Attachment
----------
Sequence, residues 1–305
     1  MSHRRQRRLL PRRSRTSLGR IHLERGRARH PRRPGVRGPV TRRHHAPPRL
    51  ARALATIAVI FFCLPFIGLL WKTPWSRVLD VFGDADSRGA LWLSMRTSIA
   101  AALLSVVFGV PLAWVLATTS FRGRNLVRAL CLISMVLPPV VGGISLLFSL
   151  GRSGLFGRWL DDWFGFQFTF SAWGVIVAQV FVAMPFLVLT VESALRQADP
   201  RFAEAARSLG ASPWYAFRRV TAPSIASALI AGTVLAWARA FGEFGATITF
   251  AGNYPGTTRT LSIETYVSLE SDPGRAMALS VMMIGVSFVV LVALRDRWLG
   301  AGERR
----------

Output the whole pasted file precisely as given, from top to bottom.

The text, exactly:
Sequence, residues 1–305
     1  MSHRRQRRLL PRRSRTSLGR IHLERGRARH PRRPGVRGPV TRRHHAPPRL
    51  ARALATIAVI FFCLPFIGLL WKTPWSRVLD VFGDADSRGA LWLSMRTSIA
   101  AALLSVVFGV PLAWVLATTS FRGRNLVRAL CLISMVLPPV VGGISLLFSL
   151  GRSGLFGRWL DDWFGFQFTF SAWGVIVAQV FVAMPFLVLT VESALRQADP
   201  RFAEAARSLG ASPWYAFRRV TAPSIASALI AGTVLAWARA FGEFGATITF
   251  AGNYPGTTRT LSIETYVSLE SDPGRAMALS VMMIGVSFVV LVALRDRWLG
   301  AGERR